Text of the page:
Home lighting ideas and designs

The best home lighting dramatically improves the overall effect of a room's design scheme. It's essential that you put as much thought and care into the selection of your lighting fixtures that you do into your carpeting, wallpaper, paint and furniture – interior lighting has the power to make or break a room.

To make the best lighting choices, you have to think about how the space will be used and choose the lighting type that will best meet the needs of the people using it. Thus, an understanding of both room-specific lighting principles and the four basic types of light will help you a great deal.

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Home Lighting: The Four Basic Types

Interior lighting can be categorized into four basic types: ambient lighting, task lighting, accent lighting and natural lighting.

Ambient lighting, also called general lighting, is all-purpose lighting designed to illuminate the entire room. Track lighting, recessed lighting and ceiling-mounted lights are the most common examples of ambient lighting.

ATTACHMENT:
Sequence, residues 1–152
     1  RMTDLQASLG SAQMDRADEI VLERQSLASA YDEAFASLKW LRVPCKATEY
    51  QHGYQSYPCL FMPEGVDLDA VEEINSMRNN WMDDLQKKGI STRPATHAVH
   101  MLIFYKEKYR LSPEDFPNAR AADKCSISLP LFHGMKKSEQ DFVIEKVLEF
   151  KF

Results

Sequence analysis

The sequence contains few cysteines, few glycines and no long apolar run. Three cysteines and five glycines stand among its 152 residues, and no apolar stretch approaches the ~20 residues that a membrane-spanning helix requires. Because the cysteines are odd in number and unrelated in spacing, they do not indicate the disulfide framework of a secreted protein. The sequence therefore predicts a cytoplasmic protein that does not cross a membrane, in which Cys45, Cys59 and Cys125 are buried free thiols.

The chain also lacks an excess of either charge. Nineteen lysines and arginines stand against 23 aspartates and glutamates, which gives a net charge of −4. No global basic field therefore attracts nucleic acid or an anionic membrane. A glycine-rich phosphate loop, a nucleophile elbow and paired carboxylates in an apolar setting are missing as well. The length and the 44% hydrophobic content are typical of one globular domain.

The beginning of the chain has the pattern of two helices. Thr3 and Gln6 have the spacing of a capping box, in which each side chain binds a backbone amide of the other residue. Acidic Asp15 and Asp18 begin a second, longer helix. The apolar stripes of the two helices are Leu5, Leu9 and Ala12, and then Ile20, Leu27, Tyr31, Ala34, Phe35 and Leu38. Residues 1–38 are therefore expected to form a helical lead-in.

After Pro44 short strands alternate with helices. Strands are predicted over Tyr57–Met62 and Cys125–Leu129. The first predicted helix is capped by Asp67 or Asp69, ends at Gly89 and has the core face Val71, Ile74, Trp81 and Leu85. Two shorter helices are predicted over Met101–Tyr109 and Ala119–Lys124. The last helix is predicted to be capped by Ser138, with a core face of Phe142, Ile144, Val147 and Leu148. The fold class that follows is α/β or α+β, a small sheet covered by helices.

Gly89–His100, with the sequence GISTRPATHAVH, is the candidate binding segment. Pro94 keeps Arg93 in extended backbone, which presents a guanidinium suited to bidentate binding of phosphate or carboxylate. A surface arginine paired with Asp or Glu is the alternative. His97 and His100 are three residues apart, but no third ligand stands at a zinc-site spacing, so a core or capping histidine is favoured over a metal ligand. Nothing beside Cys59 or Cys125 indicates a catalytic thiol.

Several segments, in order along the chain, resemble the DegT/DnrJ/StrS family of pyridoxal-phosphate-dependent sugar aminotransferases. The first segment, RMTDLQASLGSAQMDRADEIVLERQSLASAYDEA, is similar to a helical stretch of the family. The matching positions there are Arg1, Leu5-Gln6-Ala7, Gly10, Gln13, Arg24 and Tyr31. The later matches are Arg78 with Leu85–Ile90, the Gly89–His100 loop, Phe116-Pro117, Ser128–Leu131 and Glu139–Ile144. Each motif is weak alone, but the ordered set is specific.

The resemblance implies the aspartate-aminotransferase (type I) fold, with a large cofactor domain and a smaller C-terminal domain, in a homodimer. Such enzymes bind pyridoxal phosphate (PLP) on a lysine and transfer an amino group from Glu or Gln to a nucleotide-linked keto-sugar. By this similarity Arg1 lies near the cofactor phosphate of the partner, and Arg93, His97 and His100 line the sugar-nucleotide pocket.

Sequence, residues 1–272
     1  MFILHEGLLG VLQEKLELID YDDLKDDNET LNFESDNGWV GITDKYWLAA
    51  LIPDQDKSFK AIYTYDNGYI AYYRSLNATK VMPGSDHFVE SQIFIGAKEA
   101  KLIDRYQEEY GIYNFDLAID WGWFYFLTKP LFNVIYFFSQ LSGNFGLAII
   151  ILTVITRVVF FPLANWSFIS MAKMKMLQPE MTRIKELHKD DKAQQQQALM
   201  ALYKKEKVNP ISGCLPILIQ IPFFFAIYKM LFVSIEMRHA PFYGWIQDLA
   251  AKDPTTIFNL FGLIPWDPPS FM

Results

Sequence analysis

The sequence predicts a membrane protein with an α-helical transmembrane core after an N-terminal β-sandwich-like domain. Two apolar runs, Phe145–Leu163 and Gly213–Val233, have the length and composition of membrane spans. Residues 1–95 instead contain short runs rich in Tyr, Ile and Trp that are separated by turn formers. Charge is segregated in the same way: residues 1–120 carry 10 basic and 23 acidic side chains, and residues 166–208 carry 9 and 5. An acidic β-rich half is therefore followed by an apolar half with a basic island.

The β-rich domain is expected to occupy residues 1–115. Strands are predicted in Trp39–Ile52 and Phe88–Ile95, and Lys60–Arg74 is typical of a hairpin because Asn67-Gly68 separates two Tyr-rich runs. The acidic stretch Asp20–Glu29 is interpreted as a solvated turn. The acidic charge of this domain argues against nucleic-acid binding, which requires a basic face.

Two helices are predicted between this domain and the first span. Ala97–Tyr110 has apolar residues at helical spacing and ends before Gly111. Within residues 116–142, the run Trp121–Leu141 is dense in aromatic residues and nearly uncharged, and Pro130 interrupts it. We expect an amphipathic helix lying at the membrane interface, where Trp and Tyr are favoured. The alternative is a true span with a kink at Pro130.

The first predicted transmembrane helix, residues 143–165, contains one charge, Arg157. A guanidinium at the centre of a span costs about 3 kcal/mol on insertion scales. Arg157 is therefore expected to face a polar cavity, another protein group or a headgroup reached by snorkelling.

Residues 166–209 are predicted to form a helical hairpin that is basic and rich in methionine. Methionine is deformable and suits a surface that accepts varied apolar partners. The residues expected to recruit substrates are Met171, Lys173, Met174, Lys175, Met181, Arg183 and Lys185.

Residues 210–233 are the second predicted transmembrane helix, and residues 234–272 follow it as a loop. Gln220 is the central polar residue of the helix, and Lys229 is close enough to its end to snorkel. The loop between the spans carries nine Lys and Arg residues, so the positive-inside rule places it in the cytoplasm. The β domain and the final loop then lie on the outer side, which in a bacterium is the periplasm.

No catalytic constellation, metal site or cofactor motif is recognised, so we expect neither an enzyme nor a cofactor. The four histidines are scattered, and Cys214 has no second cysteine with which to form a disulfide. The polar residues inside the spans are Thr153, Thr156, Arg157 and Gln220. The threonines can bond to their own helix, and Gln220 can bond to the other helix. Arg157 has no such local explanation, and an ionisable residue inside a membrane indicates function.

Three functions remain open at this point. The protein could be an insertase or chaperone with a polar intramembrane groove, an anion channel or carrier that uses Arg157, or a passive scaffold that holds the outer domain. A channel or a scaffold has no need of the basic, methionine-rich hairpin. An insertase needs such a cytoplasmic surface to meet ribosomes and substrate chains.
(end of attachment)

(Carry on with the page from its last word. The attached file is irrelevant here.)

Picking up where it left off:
Task lighting refers to light designed to aid in a specific task, such as reading or cooking. It should not cast a glare, nor should it be so bright that it strains your eyes after extended periods of exposure. Lamps are commonly used to provide task lighting.

Accent lighting is designed to illuminate a specific object or corner of the room. For example, you may have a work of art that you want to draw attention to with an accent light. As a general rule of thumb, accent lights illuminate a narrow field, but with about three times more brightness than ambient light provides.

Natural light comes from outside the room; its intensity and brightness varies, as it is dependent on factors such as the time of day, the time of year and the type of fixture that's letting it in the house. Windows, doors and skylights all allow natural light into your home.

Decorative Lighting for Every Room

Now that you understand the four main ways light is used, you can start to think about how you'd like to arrange lighting in specific rooms. Typically, kitchen lighting is dominated by ambient and task lighting. The same is true of bathroom lighting. These rooms are heavily used to perform specific tasks, like food preparation and personal grooming.

Living rooms, bedrooms and recreation rooms tend to use more accent lighting than kitchens and bathrooms, though your specific strategy will depend on your personal tastes and habits. Finally, if energy conservation is important to you, fluorescent lighting is something you should consider – these bulbs have longer lives and use less energy than standard light bulbs do.